Debate on black women and domestic abuse in Parliament

Clear message about the importance of specialist support for BME women

Yesterday (30 June) saw Meg Hillier, Labour MP for Hackney South and Shoreditch, lead a debate on the topic of black women and domestic abuse. EVAW and Imkaan produced a joint briefing for Meg Hillier MP.

The fact that domestic abuse does not affect everyone in the same way was strongly made throughout the debate, as well as the importance of recognising these differences.

The figures paint a stark picture:  BME and migrant women experience higher rates of domestic abuse related homicide and are 3 times more likely to commit suicide than other women in the UK. [1]

For those seeking specialist refuge places run “by and for” BME women, the support available has declined over the years, with 50% of BME specialist refuges having been forced to close or have been taken over by a larger provider due to lack of funding in the last decade.

The case was made clearly by Meg Hillier MP that a “one size fits all” approach to funding will not address domestic abuse.

As it stands competitive tendering processes favour larger organisations and contracts above smaller, specialist women’s services who are expert in meeting survivors’ needs. This means specialist services run ‘by and for’ BME women are systemically disadvantaged by these funding arrangements. [2]

Research published by Imkaan ‘Key findings on sexual violence and Black and minoritised women’s interactions with the Criminal Justice System (Reclaiming Voice, 2020’) [3] found the majority of victim-survivors in the study were subjected to sexual violence within a domestic violence context. It highlighted the ways in which sexual violence intersects with ‘race’/racism, immigration status, age, and poverty to create complex trauma and needs.

The need to examine how sexual violence intersects with racism is further highlighted in research by the Independent Inquiry into Child Sexual Abuse (IICSA) with the Race Equality Foundation on how racist stereotypes can lead to failures in identifying and responding to child sexual abuse. Such research emphasises the importance of specialist “by and for” BME support services where women can “see themselves” and access support with a sense of safety.

Meg Hillier MP has called for greater representation of black women at a policy level, stating that there should be “no decisions about black women without black women”.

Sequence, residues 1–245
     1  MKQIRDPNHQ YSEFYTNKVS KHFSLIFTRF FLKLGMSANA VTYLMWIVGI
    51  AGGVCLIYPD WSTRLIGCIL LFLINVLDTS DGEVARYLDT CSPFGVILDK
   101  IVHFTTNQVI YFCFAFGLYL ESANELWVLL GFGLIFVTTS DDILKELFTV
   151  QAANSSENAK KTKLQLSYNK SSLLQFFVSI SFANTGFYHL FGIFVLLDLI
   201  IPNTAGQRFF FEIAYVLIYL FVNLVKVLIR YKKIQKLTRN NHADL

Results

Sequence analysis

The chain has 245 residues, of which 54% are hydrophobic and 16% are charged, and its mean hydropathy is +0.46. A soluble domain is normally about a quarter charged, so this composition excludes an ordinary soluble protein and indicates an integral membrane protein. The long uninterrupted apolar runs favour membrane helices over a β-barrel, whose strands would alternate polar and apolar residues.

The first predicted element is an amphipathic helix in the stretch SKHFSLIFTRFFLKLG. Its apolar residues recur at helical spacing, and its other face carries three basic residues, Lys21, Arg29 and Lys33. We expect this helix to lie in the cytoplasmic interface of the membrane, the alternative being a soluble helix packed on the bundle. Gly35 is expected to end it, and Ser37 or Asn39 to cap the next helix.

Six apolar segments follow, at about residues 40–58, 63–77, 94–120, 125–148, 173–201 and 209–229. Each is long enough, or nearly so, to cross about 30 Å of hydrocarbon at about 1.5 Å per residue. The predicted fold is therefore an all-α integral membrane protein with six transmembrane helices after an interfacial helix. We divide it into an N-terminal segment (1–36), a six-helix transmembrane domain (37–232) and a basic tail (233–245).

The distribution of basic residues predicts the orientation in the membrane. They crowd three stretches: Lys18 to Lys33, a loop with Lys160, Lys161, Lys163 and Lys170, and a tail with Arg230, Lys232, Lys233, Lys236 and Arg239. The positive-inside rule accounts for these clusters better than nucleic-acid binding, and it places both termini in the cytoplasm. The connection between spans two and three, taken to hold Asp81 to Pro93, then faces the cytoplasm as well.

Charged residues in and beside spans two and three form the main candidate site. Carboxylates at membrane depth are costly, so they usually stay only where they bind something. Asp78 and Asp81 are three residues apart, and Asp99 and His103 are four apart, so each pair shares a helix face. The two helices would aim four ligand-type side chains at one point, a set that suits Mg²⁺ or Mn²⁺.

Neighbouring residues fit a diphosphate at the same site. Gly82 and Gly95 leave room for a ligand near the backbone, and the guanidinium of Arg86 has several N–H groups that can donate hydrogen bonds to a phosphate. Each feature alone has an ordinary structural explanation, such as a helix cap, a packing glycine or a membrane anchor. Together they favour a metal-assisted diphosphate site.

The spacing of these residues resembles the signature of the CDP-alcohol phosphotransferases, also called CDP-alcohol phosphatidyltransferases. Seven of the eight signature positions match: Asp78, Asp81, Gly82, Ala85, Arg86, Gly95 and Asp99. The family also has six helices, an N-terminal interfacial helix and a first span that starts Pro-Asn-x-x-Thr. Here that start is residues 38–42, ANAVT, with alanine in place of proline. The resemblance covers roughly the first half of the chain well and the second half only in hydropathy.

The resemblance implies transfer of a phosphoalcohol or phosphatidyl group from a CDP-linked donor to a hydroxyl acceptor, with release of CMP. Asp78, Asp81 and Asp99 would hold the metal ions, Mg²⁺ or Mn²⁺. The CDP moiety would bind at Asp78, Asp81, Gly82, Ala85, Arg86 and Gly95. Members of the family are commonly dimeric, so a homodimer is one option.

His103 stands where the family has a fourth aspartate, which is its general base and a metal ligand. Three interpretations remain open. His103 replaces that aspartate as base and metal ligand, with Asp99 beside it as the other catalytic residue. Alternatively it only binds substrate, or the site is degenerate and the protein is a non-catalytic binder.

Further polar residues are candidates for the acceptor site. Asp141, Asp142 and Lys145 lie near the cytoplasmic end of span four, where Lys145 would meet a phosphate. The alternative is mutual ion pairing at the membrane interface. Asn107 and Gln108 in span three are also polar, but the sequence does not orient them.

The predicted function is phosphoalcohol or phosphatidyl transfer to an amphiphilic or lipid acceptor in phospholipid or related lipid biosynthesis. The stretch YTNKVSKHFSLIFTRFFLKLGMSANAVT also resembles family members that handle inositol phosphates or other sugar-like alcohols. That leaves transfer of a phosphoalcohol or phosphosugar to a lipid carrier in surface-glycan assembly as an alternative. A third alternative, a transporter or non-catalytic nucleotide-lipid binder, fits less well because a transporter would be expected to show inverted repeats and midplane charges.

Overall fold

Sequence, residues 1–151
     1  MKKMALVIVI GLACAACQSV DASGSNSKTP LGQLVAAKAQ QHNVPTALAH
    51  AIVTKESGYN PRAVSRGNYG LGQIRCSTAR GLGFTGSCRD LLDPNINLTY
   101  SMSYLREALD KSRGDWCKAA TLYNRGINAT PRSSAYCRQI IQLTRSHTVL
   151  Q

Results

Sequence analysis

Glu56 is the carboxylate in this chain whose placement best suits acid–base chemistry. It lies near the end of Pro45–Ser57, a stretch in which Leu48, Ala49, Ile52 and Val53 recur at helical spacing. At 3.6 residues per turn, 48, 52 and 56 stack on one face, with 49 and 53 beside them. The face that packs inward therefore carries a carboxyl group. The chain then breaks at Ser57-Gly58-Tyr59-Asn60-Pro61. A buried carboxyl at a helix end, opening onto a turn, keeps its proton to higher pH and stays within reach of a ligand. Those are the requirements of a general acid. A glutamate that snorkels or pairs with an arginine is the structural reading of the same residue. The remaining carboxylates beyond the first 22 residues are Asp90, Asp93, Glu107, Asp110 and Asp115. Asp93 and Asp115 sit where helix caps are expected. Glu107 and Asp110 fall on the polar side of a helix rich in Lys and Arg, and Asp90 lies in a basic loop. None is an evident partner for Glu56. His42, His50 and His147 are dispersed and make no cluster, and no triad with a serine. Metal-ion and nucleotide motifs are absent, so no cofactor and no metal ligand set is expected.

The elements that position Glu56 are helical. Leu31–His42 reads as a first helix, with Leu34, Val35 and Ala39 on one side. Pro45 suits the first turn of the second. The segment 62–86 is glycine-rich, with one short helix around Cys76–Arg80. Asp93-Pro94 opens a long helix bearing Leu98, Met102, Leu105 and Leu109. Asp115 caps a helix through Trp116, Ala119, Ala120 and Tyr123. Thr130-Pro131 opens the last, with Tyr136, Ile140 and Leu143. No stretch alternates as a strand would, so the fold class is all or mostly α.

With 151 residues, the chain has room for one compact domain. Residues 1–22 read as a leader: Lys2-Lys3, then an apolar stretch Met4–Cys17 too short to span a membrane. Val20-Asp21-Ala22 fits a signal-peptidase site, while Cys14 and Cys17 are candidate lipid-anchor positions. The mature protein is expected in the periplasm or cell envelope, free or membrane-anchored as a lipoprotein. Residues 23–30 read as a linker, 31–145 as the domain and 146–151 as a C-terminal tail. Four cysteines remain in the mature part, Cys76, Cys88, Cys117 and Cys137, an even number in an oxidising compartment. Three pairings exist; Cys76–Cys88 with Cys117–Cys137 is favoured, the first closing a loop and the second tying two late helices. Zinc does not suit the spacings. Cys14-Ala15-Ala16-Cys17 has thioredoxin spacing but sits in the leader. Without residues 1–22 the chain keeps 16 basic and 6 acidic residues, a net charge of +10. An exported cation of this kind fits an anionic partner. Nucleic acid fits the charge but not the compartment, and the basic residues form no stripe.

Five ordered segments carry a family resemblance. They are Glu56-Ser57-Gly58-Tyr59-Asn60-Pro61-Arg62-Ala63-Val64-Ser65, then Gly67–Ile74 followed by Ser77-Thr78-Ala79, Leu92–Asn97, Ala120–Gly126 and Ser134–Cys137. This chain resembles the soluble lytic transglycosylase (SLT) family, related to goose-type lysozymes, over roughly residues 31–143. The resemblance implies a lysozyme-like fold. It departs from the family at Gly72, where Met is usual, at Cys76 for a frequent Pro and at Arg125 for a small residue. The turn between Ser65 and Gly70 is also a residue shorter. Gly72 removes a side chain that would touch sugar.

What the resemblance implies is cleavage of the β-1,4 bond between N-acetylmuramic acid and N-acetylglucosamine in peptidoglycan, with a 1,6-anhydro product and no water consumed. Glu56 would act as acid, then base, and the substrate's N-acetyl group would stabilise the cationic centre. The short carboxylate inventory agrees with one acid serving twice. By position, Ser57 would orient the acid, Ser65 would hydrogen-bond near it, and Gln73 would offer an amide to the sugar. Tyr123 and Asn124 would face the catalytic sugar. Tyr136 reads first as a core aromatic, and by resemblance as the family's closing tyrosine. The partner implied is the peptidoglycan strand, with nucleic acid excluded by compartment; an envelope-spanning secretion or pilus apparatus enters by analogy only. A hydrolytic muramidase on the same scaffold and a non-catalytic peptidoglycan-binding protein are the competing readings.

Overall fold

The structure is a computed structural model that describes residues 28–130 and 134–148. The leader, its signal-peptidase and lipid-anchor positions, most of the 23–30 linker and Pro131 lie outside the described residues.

Using the debate to draw attention to the situation for migrant victims of domestic abuse in her constituency, Meg Hillier said most refuges cannot afford to accommodate women with NRPF (No Recourse to Public Funds) as they rely on housing benefit as an income stream. This means just 5% of refuge spaces listed last year were accessible to woman with NRPF [4]. Some women with NRPF may be eligible for support under the Destitute Domestic Violence Concession (DDVC) however, as Southall Black Sisters have highlighted, the DV Rule and the DDVC do not extend to migrant women with non-spousal visas (such as students and domestic workers) and subject to NRPF. This is why the Step Up Migrant Women Coalition is pushing for the DDVC to be extended and for all migrant victims to have access to public funds.

Responding to the debate, Justice Minister Alex Chalk acknowledged the importance of specialist support services for victims with protected characteristics and the need to break down barriers to accessing this support.

However, The Government has so far chosen not to make any changes to the Bill that would help ensure migrant victims of domestic abuse can get the help they need. This is despite the barriers to protection and support for migrant women being raised at every stage of the Domestic Abuse Bill’s progress through Parliament.

[1] UN Special Rapporteur on violence against women, its causes and consequences. Statement at the conclusion of a country mission to the United Kingdom 2014, UN http://www.ohchr.org/EN/NewsEvents/Pages/DisplayNews.aspx?NewsID=14514&

[2] Imkaan, From Survival to Sustainability: critical issues for the specialist black and ‘minority ethnic’ ending violence against women and girls sector in the UK, 2018

[3] Dr. Ravi Thiara, University of Warwick & Sumanta Roy, Imkaan (2020) Reclaiming Voice: Minoritised Women and Sexual Violence Key Findings (2020)

[4]Women’s Aid, 2020. The domestic abuse report 2020

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